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We recently had a wonderful and memorable luxury gorilla tour in Africa with Gorilla Expeditions Limited! No matter how far, slippery, strenuous, the ‘path’ is, it well worth it when you encounter a magnificent gorilla troupe at the end. I did find it is bit disappointing (and embarrassing) that there were very few that took advantage of the young men who availed themselves to trek with you, carrying gear, helping with some more difficult terrain, – the small gratuity for this help was well worth it and I highly recommend that one takes advantage of the offer.

It is life-changing to first encounter the mountain gorillas. They truly seem to be as interested in studying the human troupe as we are in studying the gorilla troupe – it is almost unsettling to have the silverback maintain his gaze as if to study you! The full hour in the presence of the troupe passed by too quickly but was full of memories and pictures, both actual and mental, to last a lifetime.

It costs quite of lot of money but the money is used to conserve the gorilla families in their natural habitat. Even the inhabitants of the villages close to the park are being involved in this conservation program which, to me, seems the key to success.

We had requested a close group as my mom and her friend and my brother’s pregnant wife were with us. It turned out to be a 5-6 hour hike to find the mountain gorillas. A group of buffalo (we had to sneak past them) had scared the gorillas off. The terrain was also difficult and my mom’s friend was helped by two porters. When we finally found the mountain gorillas in the mist, it was all worth it. The kids wrestling us each other and the Silverback keeping a look over the family. Even though the hike was difficult, it was definitely one of the main parts of the visit as the terrain was beautiful. We also really got to see the real “Gorillas in the Mist”.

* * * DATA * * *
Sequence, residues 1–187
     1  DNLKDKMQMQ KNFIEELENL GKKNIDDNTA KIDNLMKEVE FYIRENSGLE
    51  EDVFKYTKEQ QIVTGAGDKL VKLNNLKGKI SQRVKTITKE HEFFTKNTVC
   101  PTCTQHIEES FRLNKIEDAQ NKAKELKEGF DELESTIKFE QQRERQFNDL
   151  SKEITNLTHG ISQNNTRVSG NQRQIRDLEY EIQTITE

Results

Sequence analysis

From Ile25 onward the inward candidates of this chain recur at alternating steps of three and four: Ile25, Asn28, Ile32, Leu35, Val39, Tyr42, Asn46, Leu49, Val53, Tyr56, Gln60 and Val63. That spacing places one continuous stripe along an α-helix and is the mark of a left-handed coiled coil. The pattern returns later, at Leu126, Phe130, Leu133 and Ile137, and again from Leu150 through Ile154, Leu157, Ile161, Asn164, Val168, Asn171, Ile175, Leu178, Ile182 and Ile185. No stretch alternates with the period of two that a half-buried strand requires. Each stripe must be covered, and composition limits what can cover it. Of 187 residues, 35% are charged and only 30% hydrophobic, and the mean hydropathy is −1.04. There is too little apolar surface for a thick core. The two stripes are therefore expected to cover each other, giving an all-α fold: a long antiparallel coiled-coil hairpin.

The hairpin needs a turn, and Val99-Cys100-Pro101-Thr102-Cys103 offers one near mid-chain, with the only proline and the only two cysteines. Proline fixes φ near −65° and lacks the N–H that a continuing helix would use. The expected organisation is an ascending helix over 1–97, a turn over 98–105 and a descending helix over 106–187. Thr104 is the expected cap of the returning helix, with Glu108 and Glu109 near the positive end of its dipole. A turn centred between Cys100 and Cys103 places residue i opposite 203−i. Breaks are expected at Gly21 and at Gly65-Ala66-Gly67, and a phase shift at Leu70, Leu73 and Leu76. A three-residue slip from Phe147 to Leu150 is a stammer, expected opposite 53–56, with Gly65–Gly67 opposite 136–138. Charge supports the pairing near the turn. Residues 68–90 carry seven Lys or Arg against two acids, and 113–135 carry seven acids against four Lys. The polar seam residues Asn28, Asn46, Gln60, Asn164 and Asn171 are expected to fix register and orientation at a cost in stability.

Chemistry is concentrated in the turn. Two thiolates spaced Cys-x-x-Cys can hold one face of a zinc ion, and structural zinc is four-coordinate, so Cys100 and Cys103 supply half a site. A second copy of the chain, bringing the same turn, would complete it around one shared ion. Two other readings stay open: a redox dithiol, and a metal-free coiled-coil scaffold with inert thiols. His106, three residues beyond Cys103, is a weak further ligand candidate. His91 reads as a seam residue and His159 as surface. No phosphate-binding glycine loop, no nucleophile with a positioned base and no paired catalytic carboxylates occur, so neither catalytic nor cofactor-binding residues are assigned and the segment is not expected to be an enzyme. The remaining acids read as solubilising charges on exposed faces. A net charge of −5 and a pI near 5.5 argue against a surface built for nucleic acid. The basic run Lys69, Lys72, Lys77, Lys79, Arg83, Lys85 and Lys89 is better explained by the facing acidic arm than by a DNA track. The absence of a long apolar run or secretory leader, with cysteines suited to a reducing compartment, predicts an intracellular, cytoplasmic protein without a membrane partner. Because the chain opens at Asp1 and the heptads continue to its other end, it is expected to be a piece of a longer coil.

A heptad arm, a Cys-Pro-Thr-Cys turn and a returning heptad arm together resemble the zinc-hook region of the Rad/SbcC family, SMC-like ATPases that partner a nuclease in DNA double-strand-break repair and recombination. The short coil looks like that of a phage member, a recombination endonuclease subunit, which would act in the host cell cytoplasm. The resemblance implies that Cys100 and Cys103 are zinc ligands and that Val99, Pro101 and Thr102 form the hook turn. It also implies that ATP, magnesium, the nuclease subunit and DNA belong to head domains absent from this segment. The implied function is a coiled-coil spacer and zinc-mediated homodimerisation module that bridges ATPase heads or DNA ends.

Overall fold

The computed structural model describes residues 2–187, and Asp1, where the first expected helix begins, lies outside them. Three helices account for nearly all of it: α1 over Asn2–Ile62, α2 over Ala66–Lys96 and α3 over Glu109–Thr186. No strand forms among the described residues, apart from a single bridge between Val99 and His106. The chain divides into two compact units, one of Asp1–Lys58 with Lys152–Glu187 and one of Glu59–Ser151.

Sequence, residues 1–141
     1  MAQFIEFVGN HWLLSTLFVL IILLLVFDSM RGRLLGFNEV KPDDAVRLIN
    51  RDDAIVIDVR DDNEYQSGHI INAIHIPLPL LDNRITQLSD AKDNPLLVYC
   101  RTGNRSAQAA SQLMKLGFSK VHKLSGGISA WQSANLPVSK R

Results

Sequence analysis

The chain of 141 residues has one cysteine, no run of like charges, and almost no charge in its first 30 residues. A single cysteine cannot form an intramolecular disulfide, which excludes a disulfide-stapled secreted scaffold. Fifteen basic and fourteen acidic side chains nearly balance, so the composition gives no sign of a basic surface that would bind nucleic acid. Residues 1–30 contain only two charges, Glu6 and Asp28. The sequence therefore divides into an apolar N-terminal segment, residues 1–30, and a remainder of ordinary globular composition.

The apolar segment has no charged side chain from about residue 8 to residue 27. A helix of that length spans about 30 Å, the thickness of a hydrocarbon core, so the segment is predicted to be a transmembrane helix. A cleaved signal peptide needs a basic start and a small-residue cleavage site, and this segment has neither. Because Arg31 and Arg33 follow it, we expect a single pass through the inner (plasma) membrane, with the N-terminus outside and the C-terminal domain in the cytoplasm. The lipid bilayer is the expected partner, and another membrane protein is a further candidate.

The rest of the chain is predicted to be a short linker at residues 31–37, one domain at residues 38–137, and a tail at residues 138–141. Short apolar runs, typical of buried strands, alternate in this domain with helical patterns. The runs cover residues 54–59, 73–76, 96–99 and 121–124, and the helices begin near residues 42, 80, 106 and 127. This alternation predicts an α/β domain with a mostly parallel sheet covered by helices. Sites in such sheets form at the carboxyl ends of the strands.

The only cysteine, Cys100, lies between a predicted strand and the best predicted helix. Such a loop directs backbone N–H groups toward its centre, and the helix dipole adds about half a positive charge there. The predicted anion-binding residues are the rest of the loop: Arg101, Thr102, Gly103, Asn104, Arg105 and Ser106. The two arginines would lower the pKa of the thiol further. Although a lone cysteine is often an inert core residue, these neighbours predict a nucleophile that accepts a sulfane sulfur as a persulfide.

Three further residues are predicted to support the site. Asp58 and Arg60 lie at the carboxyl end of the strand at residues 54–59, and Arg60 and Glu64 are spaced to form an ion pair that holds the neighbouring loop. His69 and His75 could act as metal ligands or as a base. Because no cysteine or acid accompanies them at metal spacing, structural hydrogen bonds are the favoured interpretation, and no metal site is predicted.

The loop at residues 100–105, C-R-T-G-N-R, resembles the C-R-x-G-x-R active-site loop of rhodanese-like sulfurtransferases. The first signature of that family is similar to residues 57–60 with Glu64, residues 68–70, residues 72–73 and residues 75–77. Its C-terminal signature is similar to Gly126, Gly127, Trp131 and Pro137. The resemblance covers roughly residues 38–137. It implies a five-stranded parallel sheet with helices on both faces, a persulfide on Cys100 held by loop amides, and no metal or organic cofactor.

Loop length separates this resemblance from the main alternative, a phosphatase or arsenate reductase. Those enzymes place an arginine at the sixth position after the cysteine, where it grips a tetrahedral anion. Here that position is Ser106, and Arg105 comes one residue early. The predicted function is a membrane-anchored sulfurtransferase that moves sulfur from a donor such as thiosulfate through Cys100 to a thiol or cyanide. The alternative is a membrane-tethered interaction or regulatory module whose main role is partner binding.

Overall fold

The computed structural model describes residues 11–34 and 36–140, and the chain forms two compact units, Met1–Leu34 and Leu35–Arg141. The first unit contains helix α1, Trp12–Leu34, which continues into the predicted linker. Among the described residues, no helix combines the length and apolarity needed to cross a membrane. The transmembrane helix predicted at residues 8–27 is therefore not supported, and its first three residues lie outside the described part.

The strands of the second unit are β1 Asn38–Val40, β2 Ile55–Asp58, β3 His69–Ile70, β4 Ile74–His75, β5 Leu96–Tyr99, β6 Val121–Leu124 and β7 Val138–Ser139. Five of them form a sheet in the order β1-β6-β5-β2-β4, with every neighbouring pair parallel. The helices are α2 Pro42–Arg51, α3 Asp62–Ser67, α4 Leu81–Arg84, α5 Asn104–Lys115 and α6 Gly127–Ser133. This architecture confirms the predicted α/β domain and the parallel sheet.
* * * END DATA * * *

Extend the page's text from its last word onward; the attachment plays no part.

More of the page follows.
Having done some research prior to the trips, we were ready for anything. Lots of water are recommended and bring snacks especially those that can give you energy kicks. Prepare for rain, mud and tough terrain. I suggest wearing gloves, hut, insect repellent. At the end of the day, the hike can be very easy, but best to be prepared. If you have any doubts about the trek contact Gorilla Expeditions Limited to arrange for this unforgettable experience and at the park before you enter the forest for the trekking hire a porter for a simple fee like $ 10-$ 20 dollars, and your support to hire a porter you are promoting community based tourism hence reducing locals from spoiling the environment and killing the mountain gorillas in the forest.

SOCO International prepares to survey for oil in gorilla park